Photo taken in:IstanbulCountry name at time of photo:TurkeyCountry name today:Turkey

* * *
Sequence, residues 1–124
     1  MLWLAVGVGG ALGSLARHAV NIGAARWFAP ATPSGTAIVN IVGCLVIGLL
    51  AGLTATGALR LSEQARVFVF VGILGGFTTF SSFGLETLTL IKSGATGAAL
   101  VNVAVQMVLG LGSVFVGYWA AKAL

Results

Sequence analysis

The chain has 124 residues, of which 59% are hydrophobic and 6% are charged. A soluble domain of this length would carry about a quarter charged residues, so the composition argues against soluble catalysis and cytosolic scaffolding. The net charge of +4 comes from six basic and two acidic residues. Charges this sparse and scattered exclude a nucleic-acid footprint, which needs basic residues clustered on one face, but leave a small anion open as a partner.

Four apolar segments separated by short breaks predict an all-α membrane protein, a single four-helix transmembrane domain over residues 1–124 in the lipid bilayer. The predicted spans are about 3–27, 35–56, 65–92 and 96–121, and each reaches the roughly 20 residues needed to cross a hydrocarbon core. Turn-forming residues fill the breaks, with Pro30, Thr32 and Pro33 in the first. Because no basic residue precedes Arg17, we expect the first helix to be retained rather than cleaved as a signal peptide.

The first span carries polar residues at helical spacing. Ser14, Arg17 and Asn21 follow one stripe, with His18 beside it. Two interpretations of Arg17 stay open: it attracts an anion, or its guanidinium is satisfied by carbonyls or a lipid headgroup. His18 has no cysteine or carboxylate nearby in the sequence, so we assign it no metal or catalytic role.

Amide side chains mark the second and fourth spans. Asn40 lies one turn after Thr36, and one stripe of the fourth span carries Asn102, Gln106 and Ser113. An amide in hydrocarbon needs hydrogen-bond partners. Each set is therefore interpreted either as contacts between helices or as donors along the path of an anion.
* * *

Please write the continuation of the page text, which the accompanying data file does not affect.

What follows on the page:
The document given to me when I was in the Technical University of Istanbul. This document shows that I attended school during daytime. Because there is also the option of studying at night in the universities. Every student also had to take what was called the university exam after graduation in order to be able to attend a university. Students who failed this exam had to enlist in the military. I wanted to attend ITU [Istanbul Technical University- it is the best engineering school in the country]. ITU accepted its students after only one test, but only the elite or really successful students, who came first, second or third in their class, generally made the cut. Because of the graduation exam, I forgot about ITU and began studying for this test. I received 8 out of 10, and finally graduated from high school. As for the ITU exam, I was not sufficiently prepared, but I did take the test anyway. During the exam, I began to doze off. A person, whom I found out later to be a professor, told me "Do what you can, we will see what happens after the test." What he told me made me realize the seriousness of the situation. I began answering the questions with all my power. The result was not too positive. I could not get into ITU, so I began attending another technical university that was recently founded. One day, I read in the newspaper that ITU was currently accepting students that were previously waitlisted. And, my name was on that list. My mother wanted me to become a doctor because there were many doctors in our family, but I knew I wanted to be an engineer. Mathematics came easily to me… I was very happy while studying engineering, and I have always liked what I did for a living. I had the opportunity to form wonderful friendships at ITU. Suleyman Demirel and Necmettin Erbakan  were both my classmates there. An important feature of the educational program in those years was that our faculty contained both Architecture and Civil Engineering students. Today, both fields are distinct, but back then, we had the opportunity to graduate with two different degrees, as stated on our diplomas. Students attending universities also had to take a mandatory course pertaining to the military. The Architecture and Civil Engineering faculty took this class together with the faculties of Literature and Fine Arts in an amphitheatre. An army officer taught this class. When I was a sophomore in college, the officer in question began teaching us the Wealth Tax.  What I remember was that he was not teaching the subject in an objective manner, but he rather added his own subjective views. He would say "The Wealth Tax had to be implemented to save us from the non-Muslims. They nearly robbed us of all our businesses. Now we will have a chance to see what they can do without any capital." When they heard this, all of my classmates began looking at me - wondering if and how I would respond. I remember smiling back at them in extreme sorrow because my family had personally been affected by the taxes as well. But, I believe that if there is one thing a person should not lose - no matter what - that is his honor and dignity. I went to the professor's office to thank him for the grade, but I could not help but ask him "If you were going to give me a full mark for the question, why did you ask me to leave the classroom?" He responded "You are as lazy as they get, but you are smart, and this is why you were able to figure out the answer to the question. Not only that, but you managed to come up with a simpler explanation than the one I had provided before. No professor would want to cheat from one of his students." That was how I decided to continue my education. By the time I was a senior, however, anti-Semitic events at school had significantly increased. That year, all seniors had to participate in a graduation project called the diploma project. For this purpose, a German professor was brought to ITU to help the students. They gave us a project about a hotel. The project was expected to be beneficial to passengers arriving to and leaving from the Yesilkoy airport. After I completed a 3-4 page paper, I presented it to my professors. They looked through everyone's project, and separated mine from the others. One of them told me "If you would, can we please put your project up on the board so that your classmates could benefit from your insights?" I was extremely happy, but later on, I found that I had failed. The professors had failed two more students like me; one of them was Russian, and the other was a Jew living in Izmir. We all wanted to resubmit our project, but the situation was getting worse. We realized the professors were determined to fail us. Therefore, we decided to take the problem as far as the Minister of Education at the time, Hasan Ali Yucel. He was both a customer and a good friend of my father's. After hearing us out, he had to put in a good word on behalf of us to the university professors. Only then, were we allowed to graduate.